Whether it’s online gaming, iCasino, which we’ve seen already this year in particular. It’s going to be a slower adoption for iCasino when you’re looking at only really six hashtag seven states available. And when I say hashtag, I mean asterisk because man, it has been a week, I got to tell you buddy, it has been a week, but it is that many states that have iGaming. So you’re looking at the lottery product as saying, OK, maybe that is a way to bring people in at a lower cost. Maybe they are then sold into different verticals and brought into different forms of gambling.


Jason Park, of course, oversaw DraftKings move into being a publicly traded company. And so interesting from the perspective of saying that we’ve talked a lot about what is 1.0 and what is 2.0 for these US operators, right? I believe it is a step toward 2.0 when we start talking about, OK, you’re taking one of your key executives who was in one of the most crucial roles in all of the company, and you are now moving him into something that is clearly intended to be about the future of the company and where you go next.

Latest on a federal bill to regulate sports betting advertising

Matt Brown (17:56):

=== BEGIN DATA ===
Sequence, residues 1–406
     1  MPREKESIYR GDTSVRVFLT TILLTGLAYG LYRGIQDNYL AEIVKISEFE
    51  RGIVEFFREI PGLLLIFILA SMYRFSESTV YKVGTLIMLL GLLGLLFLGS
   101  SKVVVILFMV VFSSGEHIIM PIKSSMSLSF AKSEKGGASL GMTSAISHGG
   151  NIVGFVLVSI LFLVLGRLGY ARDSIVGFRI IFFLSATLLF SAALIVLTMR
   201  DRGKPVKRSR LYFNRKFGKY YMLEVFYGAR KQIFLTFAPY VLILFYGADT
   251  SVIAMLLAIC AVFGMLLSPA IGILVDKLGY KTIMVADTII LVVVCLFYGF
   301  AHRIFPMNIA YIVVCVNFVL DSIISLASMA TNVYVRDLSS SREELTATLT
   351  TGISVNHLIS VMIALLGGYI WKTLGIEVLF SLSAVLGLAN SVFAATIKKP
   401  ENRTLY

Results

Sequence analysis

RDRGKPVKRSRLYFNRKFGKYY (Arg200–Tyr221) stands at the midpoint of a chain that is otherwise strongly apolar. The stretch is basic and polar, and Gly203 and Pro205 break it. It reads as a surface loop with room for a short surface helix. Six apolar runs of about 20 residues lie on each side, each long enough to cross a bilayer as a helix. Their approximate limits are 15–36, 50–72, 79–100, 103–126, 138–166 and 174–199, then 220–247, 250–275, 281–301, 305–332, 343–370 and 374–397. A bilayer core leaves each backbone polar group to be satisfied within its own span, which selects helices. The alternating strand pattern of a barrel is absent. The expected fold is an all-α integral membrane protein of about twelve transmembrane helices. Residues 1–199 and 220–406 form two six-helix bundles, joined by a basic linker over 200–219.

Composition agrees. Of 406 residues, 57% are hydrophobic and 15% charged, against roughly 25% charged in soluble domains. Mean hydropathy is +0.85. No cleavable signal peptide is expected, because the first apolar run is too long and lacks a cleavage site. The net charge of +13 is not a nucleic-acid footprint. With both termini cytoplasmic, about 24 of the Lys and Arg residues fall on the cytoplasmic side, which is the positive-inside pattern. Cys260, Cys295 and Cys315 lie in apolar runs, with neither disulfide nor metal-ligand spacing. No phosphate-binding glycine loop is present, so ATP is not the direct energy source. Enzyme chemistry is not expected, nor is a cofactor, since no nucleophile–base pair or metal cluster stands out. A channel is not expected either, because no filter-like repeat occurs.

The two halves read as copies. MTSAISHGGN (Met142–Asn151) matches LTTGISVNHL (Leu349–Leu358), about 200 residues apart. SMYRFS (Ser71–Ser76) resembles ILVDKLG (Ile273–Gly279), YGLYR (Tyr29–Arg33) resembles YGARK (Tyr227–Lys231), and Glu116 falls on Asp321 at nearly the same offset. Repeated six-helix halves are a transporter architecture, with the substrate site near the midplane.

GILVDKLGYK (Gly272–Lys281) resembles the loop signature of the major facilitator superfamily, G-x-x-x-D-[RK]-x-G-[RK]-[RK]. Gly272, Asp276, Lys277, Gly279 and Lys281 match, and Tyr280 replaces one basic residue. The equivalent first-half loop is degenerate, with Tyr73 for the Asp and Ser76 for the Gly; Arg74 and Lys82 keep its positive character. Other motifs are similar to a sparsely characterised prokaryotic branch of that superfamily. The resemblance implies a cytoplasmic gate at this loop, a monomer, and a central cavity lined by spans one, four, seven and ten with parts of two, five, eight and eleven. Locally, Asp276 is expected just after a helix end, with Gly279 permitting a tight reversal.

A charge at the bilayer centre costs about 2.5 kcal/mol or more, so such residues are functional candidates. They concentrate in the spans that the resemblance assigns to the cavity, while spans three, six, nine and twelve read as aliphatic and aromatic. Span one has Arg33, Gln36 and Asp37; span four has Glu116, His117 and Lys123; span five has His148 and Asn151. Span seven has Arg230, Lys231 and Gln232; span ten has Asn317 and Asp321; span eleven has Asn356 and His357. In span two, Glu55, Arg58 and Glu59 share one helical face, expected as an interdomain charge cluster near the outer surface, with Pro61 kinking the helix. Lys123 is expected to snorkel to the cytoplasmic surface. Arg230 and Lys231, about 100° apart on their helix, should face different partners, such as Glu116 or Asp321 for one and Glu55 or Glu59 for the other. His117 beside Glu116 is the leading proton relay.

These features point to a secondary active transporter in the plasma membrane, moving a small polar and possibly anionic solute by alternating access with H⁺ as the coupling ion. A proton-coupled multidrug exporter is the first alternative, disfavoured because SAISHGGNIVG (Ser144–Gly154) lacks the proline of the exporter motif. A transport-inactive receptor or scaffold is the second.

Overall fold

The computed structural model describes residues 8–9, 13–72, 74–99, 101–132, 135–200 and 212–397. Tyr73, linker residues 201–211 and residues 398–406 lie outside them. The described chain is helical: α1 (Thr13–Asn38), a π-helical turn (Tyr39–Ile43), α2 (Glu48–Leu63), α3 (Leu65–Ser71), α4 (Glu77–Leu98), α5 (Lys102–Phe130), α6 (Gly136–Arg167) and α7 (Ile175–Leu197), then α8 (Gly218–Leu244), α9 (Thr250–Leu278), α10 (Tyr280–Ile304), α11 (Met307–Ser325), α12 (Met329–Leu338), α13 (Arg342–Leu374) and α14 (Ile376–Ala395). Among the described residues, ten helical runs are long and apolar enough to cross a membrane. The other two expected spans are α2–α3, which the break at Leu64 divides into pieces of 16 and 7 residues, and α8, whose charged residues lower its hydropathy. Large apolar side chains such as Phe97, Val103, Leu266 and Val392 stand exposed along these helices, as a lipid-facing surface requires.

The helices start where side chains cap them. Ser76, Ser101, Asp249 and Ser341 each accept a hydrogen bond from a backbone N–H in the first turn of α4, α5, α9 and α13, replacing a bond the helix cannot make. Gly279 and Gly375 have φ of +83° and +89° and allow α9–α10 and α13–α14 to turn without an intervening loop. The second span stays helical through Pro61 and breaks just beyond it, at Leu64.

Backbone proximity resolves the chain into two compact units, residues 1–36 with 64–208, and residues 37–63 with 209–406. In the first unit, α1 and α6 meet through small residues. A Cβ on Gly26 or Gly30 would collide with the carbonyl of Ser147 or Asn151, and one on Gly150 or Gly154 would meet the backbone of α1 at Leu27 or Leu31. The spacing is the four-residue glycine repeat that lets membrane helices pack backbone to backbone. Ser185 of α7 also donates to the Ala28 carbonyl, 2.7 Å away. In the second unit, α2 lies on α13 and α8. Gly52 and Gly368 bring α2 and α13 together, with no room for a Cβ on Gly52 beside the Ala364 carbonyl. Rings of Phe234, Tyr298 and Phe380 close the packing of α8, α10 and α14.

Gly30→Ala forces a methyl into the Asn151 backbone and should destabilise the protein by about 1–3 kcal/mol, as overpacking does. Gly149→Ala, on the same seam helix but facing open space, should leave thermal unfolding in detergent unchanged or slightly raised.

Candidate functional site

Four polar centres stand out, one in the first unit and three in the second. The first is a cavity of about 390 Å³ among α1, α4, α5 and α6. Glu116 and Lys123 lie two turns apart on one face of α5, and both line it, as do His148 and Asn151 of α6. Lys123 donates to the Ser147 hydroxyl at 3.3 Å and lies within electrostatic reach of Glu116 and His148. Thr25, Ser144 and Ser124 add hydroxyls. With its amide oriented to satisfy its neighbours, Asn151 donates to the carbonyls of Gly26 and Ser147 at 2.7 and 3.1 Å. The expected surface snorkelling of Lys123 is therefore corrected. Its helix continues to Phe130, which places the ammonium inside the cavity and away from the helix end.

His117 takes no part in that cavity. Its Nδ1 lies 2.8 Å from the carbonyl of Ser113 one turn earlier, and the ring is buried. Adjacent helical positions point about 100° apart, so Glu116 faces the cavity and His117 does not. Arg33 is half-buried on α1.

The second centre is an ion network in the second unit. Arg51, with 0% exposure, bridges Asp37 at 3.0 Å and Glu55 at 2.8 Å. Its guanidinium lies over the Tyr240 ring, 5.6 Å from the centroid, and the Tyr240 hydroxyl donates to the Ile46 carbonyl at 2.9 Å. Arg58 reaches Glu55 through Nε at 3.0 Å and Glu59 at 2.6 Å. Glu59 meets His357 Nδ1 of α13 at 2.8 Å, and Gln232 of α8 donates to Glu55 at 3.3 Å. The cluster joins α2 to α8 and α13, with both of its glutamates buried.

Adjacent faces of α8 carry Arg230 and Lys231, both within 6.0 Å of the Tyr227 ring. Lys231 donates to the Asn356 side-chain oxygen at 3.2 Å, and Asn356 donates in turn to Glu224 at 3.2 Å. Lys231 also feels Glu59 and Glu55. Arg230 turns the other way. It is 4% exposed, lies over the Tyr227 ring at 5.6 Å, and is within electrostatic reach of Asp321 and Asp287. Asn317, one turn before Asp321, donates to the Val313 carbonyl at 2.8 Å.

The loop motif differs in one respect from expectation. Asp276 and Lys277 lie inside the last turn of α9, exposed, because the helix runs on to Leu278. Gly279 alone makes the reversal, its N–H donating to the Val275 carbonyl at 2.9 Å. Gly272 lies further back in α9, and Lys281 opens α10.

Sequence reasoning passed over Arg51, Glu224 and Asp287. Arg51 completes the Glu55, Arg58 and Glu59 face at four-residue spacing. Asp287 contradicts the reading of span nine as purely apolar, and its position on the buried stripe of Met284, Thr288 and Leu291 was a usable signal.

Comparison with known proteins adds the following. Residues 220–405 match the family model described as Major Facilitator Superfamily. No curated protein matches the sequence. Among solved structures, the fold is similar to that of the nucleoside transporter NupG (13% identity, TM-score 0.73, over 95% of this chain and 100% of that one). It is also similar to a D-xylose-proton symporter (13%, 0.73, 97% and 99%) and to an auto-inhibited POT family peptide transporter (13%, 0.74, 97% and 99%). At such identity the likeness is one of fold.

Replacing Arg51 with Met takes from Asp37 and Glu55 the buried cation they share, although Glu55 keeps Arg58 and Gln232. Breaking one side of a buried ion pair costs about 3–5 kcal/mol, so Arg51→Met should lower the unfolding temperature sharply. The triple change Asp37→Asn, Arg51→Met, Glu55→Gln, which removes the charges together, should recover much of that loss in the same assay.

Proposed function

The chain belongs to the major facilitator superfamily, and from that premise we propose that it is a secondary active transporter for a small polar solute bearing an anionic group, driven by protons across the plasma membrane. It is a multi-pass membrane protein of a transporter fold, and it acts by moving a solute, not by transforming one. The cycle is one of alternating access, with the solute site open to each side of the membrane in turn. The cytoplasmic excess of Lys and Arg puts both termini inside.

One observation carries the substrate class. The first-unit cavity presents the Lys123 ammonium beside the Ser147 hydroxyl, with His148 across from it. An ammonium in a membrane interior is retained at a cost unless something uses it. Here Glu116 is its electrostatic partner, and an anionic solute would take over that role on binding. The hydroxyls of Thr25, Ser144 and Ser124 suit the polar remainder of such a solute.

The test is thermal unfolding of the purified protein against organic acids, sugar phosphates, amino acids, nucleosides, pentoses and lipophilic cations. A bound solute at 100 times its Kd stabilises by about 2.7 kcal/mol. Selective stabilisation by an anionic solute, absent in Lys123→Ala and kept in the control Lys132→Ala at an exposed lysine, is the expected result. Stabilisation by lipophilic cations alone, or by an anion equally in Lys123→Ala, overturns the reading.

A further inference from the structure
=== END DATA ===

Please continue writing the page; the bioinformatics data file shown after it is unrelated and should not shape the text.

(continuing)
Paul Tonko, Democrat out of New York said yesterday, Adam, that he intends to introduce legislation that would put some limits on the advertising practices and other different things that are going on in the sports betting industry, which he says a Wild West, largely unregulated environment Adam, is what Tonko has decided to go with on this. And we are dealing with a massive and growing public health crisis that he says and his SAFE Bet Act that he says he is going to introduce would ban sportsbook advertising during live sporting events, ban language from sportsbook advertisements promoting bonus or no sweat best, prohibit sportsbooks from accepting credit cards, require sportsbooks to accept no more than five deposits from a single customer within a 24-hour period, prohibit gaming operators from using artificial intelligence to track a player’s gambling habits or to use AI to create customer specific prop bets as well. So listen, this is not the first time that Tonko has come after the gambling industry, probably won’t be the last time, but apparently is going to at least introduce his SAFE Bet Act at some point.